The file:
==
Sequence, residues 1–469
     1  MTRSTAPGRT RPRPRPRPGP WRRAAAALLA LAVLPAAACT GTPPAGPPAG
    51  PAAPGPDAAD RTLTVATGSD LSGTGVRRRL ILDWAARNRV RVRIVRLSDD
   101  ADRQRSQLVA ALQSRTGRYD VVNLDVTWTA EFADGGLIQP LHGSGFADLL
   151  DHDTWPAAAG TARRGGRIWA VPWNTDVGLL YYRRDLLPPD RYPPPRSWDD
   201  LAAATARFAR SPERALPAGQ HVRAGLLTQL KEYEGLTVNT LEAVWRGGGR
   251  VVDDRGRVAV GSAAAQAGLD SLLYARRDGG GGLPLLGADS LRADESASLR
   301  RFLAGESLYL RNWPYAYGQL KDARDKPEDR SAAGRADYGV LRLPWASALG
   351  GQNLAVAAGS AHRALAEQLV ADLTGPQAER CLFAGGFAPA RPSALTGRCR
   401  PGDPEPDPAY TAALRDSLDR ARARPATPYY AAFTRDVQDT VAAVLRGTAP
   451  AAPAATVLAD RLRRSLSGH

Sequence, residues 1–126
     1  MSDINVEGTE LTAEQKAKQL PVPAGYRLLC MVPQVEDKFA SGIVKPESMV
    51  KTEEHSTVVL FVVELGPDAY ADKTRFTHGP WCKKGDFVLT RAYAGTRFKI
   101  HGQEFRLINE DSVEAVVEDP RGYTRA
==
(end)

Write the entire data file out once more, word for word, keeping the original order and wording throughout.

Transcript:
Sequence, residues 1–469
     1  MTRSTAPGRT RPRPRPRPGP WRRAAAALLA LAVLPAAACT GTPPAGPPAG
    51  PAAPGPDAAD RTLTVATGSD LSGTGVRRRL ILDWAARNRV RVRIVRLSDD
   101  ADRQRSQLVA ALQSRTGRYD VVNLDVTWTA EFADGGLIQP LHGSGFADLL
   151  DHDTWPAAAG TARRGGRIWA VPWNTDVGLL YYRRDLLPPD RYPPPRSWDD
   201  LAAATARFAR SPERALPAGQ HVRAGLLTQL KEYEGLTVNT LEAVWRGGGR
   251  VVDDRGRVAV GSAAAQAGLD SLLYARRDGG GGLPLLGADS LRADESASLR
   301  RFLAGESLYL RNWPYAYGQL KDARDKPEDR SAAGRADYGV LRLPWASALG
   351  GQNLAVAAGS AHRALAEQLV ADLTGPQAER CLFAGGFAPA RPSALTGRCR
   401  PGDPEPDPAY TAALRDSLDR ARARPATPYY AAFTRDVQDT VAAVLRGTAP
   451  AAPAATVLAD RLRRSLSGH

Sequence, residues 1–126
     1  MSDINVEGTE LTAEQKAKQL PVPAGYRLLC MVPQVEDKFA SGIVKPESMV
    51  KTEEHSTVVL FVVELGPDAY ADKTRFTHGP WCKKGDFVLT RAYAGTRFKI
   101  HGQEFRLINE DSVEAVVEDP RGYTRA